One of Tate’s requests while we were in Queenstown was to bungy jump. I have never and will never make that leap. Jeff values his life too much and Emma claims she will when Tate does. I knew he wouldn’t make the weight cut off but I still felt a little nervous as he stepped on the scale. Thankfully, he was sent away with instructions to eat more cheeseburgers and come back in a year or so. I have no doubt that given the opportunity in a few years that Poppy will hurl herself over that platform. Thankfully, the kids were satisfied watching others ‘succeed’ and I managed to keep $400 and delay the onset of gray hair.
Our next destination was Aoraki Mount Cook. Towering at 3,754 meters (12,218 ft), it is New Zealand’s highest mountain and one that attracts outdoor enthusiasts from all around the world. The 2 lane road hugs the beautiful Lake Pukaki and delivers you at the base of the mountain. While we did have time for lunch at the historic and somewhat dated Hermitage Hotel, we didn’t have time to truly experience all that this part of my country has to offer.
Our next stop was the Church of the Good Shepherd, a small stone church on the shores of Lake Tekapo. I love a small, country church and this one is the epitome of that. Except for the throngs of overseas tourists climbing over each other to get a photo. I have no idea how to use photoshop so the fact that I managed to get some photos with only one person in them is a divine miracle in itself. I took a photo of the kids on the front steps and so did hundreds of Japanese tourists. It was okay until one of them ran up to Emma and fixed her hair…time to hit the road.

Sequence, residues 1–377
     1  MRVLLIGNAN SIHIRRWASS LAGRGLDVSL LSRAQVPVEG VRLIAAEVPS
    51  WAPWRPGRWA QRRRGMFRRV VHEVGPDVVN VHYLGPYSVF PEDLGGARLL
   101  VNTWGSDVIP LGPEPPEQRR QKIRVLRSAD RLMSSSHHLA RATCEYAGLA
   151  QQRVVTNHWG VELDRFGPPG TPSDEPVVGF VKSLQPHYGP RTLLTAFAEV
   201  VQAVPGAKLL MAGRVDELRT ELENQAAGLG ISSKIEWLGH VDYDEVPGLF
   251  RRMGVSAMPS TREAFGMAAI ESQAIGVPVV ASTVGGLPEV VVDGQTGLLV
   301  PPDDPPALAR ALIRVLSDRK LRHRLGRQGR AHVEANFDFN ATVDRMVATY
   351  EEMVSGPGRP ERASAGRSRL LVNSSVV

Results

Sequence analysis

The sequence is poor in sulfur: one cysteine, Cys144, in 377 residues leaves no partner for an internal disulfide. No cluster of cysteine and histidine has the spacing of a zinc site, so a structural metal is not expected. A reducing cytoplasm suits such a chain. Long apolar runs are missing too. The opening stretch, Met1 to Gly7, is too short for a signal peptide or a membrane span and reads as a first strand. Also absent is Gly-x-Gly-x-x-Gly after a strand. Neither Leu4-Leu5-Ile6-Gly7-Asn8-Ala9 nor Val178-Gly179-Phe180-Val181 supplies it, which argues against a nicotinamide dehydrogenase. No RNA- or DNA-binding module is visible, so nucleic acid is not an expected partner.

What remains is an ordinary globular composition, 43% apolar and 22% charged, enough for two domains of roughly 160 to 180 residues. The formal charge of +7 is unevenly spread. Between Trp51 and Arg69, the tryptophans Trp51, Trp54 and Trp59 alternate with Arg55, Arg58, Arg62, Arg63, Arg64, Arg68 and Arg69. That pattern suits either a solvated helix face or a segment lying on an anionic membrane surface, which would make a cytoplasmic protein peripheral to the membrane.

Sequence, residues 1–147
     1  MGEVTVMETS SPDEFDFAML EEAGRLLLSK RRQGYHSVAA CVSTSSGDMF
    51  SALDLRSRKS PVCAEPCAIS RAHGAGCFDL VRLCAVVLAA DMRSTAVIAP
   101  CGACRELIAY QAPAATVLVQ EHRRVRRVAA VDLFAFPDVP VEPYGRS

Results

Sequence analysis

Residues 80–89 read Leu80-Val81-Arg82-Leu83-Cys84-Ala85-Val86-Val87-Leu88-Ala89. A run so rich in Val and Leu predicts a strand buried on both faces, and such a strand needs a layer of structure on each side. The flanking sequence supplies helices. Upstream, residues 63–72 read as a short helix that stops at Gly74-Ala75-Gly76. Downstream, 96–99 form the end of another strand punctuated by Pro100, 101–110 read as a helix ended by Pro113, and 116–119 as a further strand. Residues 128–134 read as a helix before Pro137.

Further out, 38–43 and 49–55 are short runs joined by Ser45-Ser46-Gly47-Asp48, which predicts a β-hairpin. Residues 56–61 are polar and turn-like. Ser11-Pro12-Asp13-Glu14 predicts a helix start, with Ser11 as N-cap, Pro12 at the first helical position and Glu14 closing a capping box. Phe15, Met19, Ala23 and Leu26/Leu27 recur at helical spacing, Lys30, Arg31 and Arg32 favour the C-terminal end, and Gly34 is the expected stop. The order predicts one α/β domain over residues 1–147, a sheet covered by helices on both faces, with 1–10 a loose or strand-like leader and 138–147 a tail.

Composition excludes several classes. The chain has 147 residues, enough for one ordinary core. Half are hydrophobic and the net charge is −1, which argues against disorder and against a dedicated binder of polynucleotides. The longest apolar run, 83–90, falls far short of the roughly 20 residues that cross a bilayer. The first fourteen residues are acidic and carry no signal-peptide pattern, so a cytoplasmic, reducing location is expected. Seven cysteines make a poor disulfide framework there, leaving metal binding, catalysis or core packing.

When the pioneers built this Church in 1935, I imagine their work was guided by a simple wish to provide a place to worship. It is now, obviously, on the world map for photo ops. And I contributed to the problem. It made me more mindful of the world we live in and the intent behind a destination. If we find ourselves along these beautiful shores again, I will plan accordingly and attend a service here. Maybe the builders work is not in vain. Maybe, just maybe, the very serenity they sought to provide is only found inside.
We then headed for Christchurch, the 3rd largest city in New Zealand. This city was devastated by an earthquake on the 22nd of February, 2011. The earthquake, 6.3 on the Richter scale, killed 185 people and earned itself the horrible ranking as the nation’s third largest deadliest natural disaster. More often than not, New Zealand news does not reach me in the U.S. This was awful enough to make the worldwide news. With a cousin and his family in Christchurch and many childhood friends, this hit close to home. Selfishly, we were relieved that no one that we loved died that day. Frantic calls were made and sweet American friends checked in. Many New Zealand friends advised against visiting Christchurch. They said it would be too depressing. As a city that I grew up traveling to for tennis tournaments, I have so many fond memories of being there. I wanted to go, if only for a few hours. What I found was so inspiring. A city that was in many ways, through violent tragedy, given a fresh start.